Cervical Cancer Survivor | Complications During Treatment


Location: Texas

Age at diagnosis: 43

Diagnosis: Cervical cancer (unspecified)

Stage of cancer: II

In Memoriam
Nanette Quitanilla
April 24, 1964 – March 19, 2016
(51 years old)
With Cervivor, she lives on.
End Cervical Cancer


My life when I was diagnosed: I was a divorced mother of three daughters – ages 8, 14, and 20. I worked full-time as an Emergency Room nurse, which meant long hours. I loved my job.

When I got ‘the call’: My sister and I were on our way to my daughter’s soccer game when I received the call. Thank GOD my sister was driving because it felt like time just stopped when I heard the words, “You have cancer.” My eyes welled up but I had to keep my composure…we had a car full of kids. I had a soccer game to cheer at and I remember thinking, “What if it’s my last?” I’ve had the same gynecologist for more than 20 years. So when I heard his voice crack, I knew it was serious.

Next steps: I could not see the Gyn Oncologist for two weeks because he was on vacation! I can’t describe the feeling of not knowing and thinking this cancer is growing inside me minute by minute. When I finally got to see him, I could not focus. It was hard for me to not be the nurse and to be the patient! Thankfully, my boyfriend (who happens to be an MD) went with me and was able to absorb all the information for me. I was a mess! On the drive home, I told my boyfriend, “I don’t like him!” I don’t think anyone likes the person who tells you about your cancer. My boyfriend was so patient with me and told me, “We can look for another doctor, but this one is going to save your life.” He was so right!

My treatment: Three days after my doctor’s visit, I had surgery to remove my cancerous lymph nodes. Two weeks later, I started chemo and external radiation. I felt great on my first day. I even planned my daughter’s 9th birthday party! No one told me that three days later I would feel sick. The day of the party, I entertained guests but spent all of my time hugging the toilet. The nausea and vomiting were intense. At the end of my treatment, I also had to have two treatments of brachytherapy, which is where you have radiation seeds placed in or near the tumor.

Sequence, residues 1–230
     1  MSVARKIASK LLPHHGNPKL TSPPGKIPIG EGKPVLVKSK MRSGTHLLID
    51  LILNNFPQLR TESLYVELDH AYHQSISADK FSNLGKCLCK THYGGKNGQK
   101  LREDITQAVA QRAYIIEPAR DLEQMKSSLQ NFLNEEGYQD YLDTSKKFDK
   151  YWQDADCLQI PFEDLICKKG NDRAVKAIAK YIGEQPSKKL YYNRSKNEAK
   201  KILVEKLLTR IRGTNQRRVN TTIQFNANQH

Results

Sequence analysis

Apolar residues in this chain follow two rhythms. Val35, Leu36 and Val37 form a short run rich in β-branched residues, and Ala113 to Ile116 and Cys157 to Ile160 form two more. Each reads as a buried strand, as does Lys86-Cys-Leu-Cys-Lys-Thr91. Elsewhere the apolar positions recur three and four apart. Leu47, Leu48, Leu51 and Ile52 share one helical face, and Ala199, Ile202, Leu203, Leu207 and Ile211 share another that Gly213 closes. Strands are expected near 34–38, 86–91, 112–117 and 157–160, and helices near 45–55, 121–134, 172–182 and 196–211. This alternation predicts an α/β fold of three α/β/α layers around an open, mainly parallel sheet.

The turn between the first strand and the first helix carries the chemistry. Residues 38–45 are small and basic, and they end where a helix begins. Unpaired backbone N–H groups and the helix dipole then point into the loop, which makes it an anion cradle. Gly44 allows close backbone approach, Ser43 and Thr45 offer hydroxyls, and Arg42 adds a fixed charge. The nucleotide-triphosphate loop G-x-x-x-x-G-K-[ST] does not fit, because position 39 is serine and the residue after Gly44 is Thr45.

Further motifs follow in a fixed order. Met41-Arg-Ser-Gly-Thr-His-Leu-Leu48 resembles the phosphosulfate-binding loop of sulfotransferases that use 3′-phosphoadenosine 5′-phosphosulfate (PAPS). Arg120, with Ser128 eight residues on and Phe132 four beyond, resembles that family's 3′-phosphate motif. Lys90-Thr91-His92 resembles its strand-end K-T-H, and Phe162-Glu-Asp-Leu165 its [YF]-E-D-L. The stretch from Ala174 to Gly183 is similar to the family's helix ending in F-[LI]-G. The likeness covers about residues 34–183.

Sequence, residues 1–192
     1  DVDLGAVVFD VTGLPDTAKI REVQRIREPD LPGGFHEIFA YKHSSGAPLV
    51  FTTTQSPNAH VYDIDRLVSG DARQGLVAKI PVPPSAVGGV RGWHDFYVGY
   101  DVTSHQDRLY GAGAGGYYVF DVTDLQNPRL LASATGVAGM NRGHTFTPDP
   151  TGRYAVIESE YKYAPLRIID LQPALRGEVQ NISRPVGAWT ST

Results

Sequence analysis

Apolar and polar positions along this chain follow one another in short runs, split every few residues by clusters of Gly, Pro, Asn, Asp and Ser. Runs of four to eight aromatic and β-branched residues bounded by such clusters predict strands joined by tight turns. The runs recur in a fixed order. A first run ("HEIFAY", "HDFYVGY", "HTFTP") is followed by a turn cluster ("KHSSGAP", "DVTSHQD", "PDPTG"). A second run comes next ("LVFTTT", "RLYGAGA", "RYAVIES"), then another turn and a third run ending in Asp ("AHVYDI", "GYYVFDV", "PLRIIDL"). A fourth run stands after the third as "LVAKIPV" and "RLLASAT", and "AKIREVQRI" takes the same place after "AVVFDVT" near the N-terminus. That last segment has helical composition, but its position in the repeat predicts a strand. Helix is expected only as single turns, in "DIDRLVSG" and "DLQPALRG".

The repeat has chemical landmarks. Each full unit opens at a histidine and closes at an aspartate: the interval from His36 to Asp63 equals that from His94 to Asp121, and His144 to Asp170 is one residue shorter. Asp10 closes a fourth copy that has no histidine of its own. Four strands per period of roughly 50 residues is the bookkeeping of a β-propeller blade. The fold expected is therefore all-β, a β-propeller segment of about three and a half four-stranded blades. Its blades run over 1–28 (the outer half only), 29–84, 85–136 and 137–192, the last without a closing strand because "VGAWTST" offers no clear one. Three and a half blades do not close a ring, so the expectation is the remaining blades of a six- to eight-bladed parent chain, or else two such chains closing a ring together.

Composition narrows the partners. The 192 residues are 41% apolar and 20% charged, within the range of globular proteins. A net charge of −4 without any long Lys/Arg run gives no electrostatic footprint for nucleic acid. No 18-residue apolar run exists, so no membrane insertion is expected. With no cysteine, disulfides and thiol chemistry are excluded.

Complications during treatment: One month into treatment, I was rushed to the emergency room with horrible abdominal pain and I could not urinate. I had blockage due to cystitis. I went home with a foley catheter. It was humiliating and I felt so helpless. The caregiver became the caretaker. To make matters worse, my abdominal surgical site split open. I had an open, draining wound that required daily dressing changes. It took 5 months for it to heal.

My life today: Today, I live with multiple diagnoses. I live with radiation colitis, radiation cystitis, diabetes, lymphedema, and severe abdominal and pelvic pain. I take 17 medications on a daily basis. When I have a stress related flare-up of my colitis, I have to self-administer Mesalamine enemas. The threat at this time is removal of my bladder. I don’t want that! So we’re going with pain management and hyperbaric treatments.

I can’t go back to the old me…there is no old me. I’m different. Cancer changed me. Today, I am a Livestrong Leader and Cancer Advocate. I tell my story. Why am I speaking out? Because I have 3 daughters and 2 sisters and I do not want another young person to go through this. I hope by educating others, I can save lives.


Courtesy: UTHSCSA and the South Texas Cervical Cancer Initiative